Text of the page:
We could not pass Memphis without visiting the home of Elvis. http://www.graceland.com
We are just 1 block's walk from the entrance to the tours, the private jets, and Graceland is across the street. We took tours of both planes, then hopped on a bus that took us across the street to Graceland. Though it is not pretentiously huge, as so many celebrity homes are today, it is spacious and tastefully grand for the era it represents.
The tour through the grounds are self guided, and there are iPads freely distributed if you wish to use one. I had my hands full with B. Bear, and Gary was busy taking photos, so we opted out on the iPads. There were so many fascinating fixtures, decor and interesting rooms, B. Bear never once said, "I"m bored", which is rare for a 10 year old active boy. B. Bear hasn't had much exposure to Elvis as we have, so I'm quite pleased he went through the tour as well as he did. Someday, when he is older, he will realize the significance of the music culture of today's tour. He will be able to say we brought him here. I like knowing that.
There is a restaurant called Marlowe's ( http://www.marlowesmemphis.com ) that boasts, "Elvis ate here." Their gimmick is a free Pink Limousine ride to and from the restaurant. True to their word, the limousine picked us up right at our camp space, dropped us off, and then brought us home after we finished dinner.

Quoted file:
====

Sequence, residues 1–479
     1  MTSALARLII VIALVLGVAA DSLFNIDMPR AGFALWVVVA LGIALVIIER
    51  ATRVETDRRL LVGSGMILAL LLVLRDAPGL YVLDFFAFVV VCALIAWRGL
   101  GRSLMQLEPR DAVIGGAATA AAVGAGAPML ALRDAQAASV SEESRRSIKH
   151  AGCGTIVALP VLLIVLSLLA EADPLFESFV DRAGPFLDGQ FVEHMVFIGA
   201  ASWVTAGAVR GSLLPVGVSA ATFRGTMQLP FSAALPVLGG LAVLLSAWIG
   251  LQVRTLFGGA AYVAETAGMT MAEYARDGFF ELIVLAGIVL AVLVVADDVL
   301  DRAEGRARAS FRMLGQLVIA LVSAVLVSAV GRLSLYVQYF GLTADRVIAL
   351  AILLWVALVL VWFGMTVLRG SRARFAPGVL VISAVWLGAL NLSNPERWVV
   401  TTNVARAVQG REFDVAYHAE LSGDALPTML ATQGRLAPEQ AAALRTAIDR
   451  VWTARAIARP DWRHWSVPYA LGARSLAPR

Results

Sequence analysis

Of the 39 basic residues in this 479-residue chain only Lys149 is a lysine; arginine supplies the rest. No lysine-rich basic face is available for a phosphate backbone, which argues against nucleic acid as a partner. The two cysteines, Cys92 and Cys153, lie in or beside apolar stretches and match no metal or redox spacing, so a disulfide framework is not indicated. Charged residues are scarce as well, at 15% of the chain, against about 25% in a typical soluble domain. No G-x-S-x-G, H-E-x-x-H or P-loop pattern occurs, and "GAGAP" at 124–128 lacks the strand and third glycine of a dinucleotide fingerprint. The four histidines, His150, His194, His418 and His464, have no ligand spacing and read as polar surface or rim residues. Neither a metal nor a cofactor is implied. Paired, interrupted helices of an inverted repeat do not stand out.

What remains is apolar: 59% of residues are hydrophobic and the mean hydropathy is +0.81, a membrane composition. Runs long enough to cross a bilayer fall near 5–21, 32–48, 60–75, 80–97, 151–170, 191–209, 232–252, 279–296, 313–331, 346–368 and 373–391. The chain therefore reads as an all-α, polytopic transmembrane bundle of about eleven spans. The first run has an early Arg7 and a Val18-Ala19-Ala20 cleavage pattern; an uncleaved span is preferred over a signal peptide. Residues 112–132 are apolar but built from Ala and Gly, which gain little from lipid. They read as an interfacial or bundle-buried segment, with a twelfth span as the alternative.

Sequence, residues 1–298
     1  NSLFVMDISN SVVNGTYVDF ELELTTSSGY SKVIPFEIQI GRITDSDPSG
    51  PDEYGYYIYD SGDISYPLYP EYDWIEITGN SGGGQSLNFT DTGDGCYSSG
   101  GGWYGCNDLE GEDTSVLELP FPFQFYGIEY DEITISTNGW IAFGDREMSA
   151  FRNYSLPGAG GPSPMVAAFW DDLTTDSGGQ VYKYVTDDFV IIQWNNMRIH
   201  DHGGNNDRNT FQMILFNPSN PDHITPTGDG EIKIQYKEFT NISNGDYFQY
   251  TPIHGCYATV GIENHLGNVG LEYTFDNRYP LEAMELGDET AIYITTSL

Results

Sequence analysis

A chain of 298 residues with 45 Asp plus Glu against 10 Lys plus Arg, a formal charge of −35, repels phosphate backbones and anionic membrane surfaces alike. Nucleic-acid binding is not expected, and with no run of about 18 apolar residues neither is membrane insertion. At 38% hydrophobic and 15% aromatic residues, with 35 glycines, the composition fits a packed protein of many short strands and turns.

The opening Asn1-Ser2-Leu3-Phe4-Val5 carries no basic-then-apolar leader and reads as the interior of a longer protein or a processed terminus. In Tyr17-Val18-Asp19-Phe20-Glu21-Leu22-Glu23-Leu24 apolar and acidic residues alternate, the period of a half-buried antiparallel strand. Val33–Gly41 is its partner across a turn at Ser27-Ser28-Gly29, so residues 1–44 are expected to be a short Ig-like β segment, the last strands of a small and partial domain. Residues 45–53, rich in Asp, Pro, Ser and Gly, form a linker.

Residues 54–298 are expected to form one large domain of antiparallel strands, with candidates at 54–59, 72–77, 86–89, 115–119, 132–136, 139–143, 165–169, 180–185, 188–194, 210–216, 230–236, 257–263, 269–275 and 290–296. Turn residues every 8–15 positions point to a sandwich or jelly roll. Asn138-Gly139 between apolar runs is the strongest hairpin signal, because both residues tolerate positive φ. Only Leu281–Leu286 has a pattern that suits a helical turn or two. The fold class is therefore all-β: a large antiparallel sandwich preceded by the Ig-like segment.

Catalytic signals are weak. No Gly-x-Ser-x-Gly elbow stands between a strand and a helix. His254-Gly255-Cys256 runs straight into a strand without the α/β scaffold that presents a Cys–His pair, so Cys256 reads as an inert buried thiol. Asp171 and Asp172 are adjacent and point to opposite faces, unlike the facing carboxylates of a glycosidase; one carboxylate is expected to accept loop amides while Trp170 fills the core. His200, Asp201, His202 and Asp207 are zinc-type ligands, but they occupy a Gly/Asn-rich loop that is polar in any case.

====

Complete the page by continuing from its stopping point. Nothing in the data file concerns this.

The menu is strictly southern, and quite reasonably priced, and the service was outstanding. Thursday nights are Karaoke, but we were tired and wanted to come back and just chill. The showers here in the bath house are wonderfully hot and relaxing.
September is a wonderful time to come to Memphis and tour Graceland. Kids are in school, the tours aren't crowded, and it's not too hot to enjoy the weather. There are many mature tourists, and families usually had very young children in strollers. People from all over the world were here. We talked with people from Japan, New Zealand and Germany today